Dear colleagues, residents, guests and friends of The Selwyn Foundation,
Easter is a season in the church year that is placed to reflect the northern hemisphere spring. So the theme of Resurrection and new life matches the experience outside as flowers emerge through the snow, and leaves spring out in green haze on the trees. The Church deliberately uses themes that link to the season to help us review aspects of life and undertake a kind of mental and spiritual “spring-cleaning”. This is because patterns or behaviours can become addictive - like weeds in the garden then they crowd or overshadow the good life.
For Christians this personal Lenten review rests within the wider belief that each of us is loved as unique and precious, and that Jesus the Risen Christ stands with us as we face our harmful actions, and any areas of hurt or healing required. So the weeks before Easter provide the chance to de-clutter and review priorities, maybe living with a feeling of loss and deliberately making space for new life to emerge. There can be health and refreshment in allowing unwholesome behaviours and relationships to lapse or “die”; to live with the sense of emptiness and grief caused and then to explore what new opportunities provide growth and engagement.
Here in Aotearoa New Zealand we have just passed the autumn equinox and on the 4th April (Easter Sunday) our clocks will go back to winter time. The endless summer is withdrawing into autumn storms and darker evenings, expansive plans outside are replaced with inside activities and tasks that can no longer be postponed. People close to me have been delighted to engage with others and hold meetings or gatherings that had been delayed because of the need to stay apart and safe.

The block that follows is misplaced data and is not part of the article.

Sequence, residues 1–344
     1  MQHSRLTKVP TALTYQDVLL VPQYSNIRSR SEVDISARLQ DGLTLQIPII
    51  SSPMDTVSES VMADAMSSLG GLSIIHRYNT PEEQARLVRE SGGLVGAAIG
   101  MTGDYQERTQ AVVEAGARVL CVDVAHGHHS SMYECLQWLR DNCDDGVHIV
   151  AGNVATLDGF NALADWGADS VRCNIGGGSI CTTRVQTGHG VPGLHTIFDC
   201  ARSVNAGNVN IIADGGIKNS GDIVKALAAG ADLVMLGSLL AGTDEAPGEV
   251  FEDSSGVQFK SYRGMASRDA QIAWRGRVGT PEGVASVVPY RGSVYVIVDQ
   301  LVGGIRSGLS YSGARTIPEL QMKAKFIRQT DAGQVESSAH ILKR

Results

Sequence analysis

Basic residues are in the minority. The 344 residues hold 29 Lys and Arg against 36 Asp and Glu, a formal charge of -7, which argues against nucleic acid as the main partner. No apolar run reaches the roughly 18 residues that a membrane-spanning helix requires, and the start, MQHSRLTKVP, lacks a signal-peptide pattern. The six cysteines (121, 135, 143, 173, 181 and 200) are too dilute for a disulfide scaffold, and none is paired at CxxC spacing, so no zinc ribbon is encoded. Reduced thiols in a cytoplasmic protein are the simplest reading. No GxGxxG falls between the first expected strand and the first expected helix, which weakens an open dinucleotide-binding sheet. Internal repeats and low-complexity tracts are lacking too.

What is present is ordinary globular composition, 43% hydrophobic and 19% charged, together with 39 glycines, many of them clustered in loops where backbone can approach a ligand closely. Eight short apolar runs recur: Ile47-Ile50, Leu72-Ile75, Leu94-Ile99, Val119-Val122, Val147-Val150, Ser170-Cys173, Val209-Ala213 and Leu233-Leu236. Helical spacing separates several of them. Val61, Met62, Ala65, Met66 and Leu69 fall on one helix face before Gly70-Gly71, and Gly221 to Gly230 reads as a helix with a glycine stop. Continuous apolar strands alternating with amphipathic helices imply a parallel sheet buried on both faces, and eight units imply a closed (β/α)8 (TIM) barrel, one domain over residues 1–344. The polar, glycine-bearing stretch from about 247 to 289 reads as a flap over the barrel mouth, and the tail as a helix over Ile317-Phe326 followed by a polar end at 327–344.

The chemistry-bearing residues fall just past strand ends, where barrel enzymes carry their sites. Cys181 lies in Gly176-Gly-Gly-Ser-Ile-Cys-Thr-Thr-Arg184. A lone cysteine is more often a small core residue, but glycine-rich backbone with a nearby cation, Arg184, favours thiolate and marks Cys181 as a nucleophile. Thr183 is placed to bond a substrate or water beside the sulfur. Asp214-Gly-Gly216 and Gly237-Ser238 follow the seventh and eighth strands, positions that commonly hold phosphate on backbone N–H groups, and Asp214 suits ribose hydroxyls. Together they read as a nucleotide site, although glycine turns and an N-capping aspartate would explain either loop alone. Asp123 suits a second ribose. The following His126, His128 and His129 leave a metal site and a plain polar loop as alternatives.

As a nation and as a community it seems likely that we have also weathered the COVID storm through a strategy of elimination. For many there is a sense of relief in the announcements regarding vaccinations becoming available. Perhaps plans can soon begin to reconnect with beloved family members who live overseas. After a year of externally imposed lockdowns and restrictions we finally have familiar natural rhythms that invite us to look around and reconnect.
However some in our midst know and understand personally what a challenge this illness can be physically, and others of us have borne the weight of our collective challenge more personally in business losses and employment reduction. There is now clear evidence suggesting that restrictions on movement and the looming fear of infection rates overwhelming our health, have also had an effect on anxiety levels and on loneliness. If you have been affected in these ways then please be assured that you are not unusual in this response, and be encouraged to reach out for support to someone close and trusted. At Selwyn the Chaplains, residential care teams, and managers are more than willing to listen and provide support and assistance where possible.
To return to that theme of new life and Resurrection, perhaps you could personally choose to review some aspects of personal life that have reached their “use by date”. The last year has given us all the chance to try some new patterns, even if we didn’t choose them. What have you learnt from this?
It can be incredibly empowering to take something that felt like you had no choice and deliberately turn the experience into decisions for enhancing good life. We could see this regular personal review as a kind of spiritual vaccination, promoting resilience and growth, liberating new life in all its richness.
Reverend Caroline Leys
Director, Spiritual Care